MESA: Multicultural Exchange Program for Farmers | Civil Eats

MESA: Multicultural Exchange Program for Farmers

mesa_sanjana_0Lauren Augusta realized the need for sustainable agriculture exchange while working at a conventional agriculture training program, where she observed the detrimental effects of agrochemicals on the land and farmers’ health. “I loved the idea of cross-cultural exchange, but I ultimately couldn’t defend the agricultural model my old program promoted,” she says. “I was increasingly alarmed by the unjust and disconnected farming practices I witnessed.”

In 1997, Augusta founded Multinational Exchange for Sustainable Agriculture (MESA), based in Berkeley, California, to connect food and farming change-makers worldwide, while spurring innovation and preserving traditional knowledge. MESA provides international training for farmers and advocates at sustainable farms and organizations to build ecosystem stewardship, fair food economies, and cross-cultural collaboration. Programs are offered in the United States, Peru, and Thailand and soon in Mexico and Sri Lanka.

The program integrates experiential training with an online curriculum and awards a Certificate in Global Agroecology and Local Food Systems under a U.S. State Department designated Training and Cultural Exchange Program. Over the years, MESA has connected more than 1,250 people from 33 countries and helped start approximately 140 small farms and food justice projects.

Sharing Ideas

The U.S. Core Training Program begins with an orientation at an organic farm in Northern California. Program participants, called “stewards,” apprentice at one of many host farms located all over the country. During their stay, stewards learn about organic, biointensive, biodynamic, and permaculture production, as well as marketing and community organizing. Many stewards receive scholarships, while host farms help cover lodging, stipends, and training costs. MESA also provides financial support and mentoring training to hosts via on-farm project grants.

According to MESA’s Co-Executive Director Leah Atwood, hosts not only mentor but also learn from their stewards. “Most lower-income countries have a much larger percentage of the population that is feeding their citizens than the U.S.,” she explains. “Here less than one percent of the population are farmers, but in many other countries, 20 to 50 percent of the population are growing food. Most are farming on a smaller scale and in ways that are much more responsible and resilient on an ecosystem level.”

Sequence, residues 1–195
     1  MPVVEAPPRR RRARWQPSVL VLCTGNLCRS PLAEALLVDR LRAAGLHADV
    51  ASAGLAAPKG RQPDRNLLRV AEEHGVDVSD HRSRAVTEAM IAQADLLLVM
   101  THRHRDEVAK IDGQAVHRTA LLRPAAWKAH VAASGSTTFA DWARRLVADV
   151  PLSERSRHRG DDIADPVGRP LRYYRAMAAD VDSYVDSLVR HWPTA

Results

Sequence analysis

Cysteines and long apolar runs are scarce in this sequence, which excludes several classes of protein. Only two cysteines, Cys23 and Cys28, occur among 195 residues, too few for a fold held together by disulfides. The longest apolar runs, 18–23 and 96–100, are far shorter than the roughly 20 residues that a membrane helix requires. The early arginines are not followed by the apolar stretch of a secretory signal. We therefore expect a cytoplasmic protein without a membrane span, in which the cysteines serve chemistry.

“One of the most wonderful things about the stewards is that we learn a ton from them,” says Dru Rivers of Full Belly Farm in Guinda, California, who has been a MESA host for eight years. “For example, one of the stewards was a young woman who grows flowers in Ecuador, and we learned so much about flowers and her country while she was here.”

After staying at their host farm for six to eight months, the stewards travel back to San Francisco for the final part of their training, which includes a tour of the Ferry Plaza Farmers Market with CUESA staff.

Stewards from Around the Globe

The 2013 group of 19 stewards hailed from all over the world: Ecuador, Sri Lanka, Peru, Thailand, Ghana, France, Georgia, Mexico, and the U.S. Many stewards are in their 20s or 30s, although there are no age restrictions for applicants.

We’ll bring the news to you.

Get the weekly Civil Eats newsletter, delivered to your inbox.

“I am continuously amazed at how much people change from orientation to exit,” Atwood observes. “When you are exposed to a different culture and different ways of thinking, you can gain a new frame of reference for your own value system and our global interconnectedness. It can be a transformational experience.”

MESA steward Sanjana Silva (pictured at top), an agricultural extension officer and activist from Sri Lanka, trained at Ecology Action in Willits, California, where he learned Grow Biointensive farming. “We are depleting soil rapidly,” he says. “At Ecology Action, I learned how to grow soil, not just food.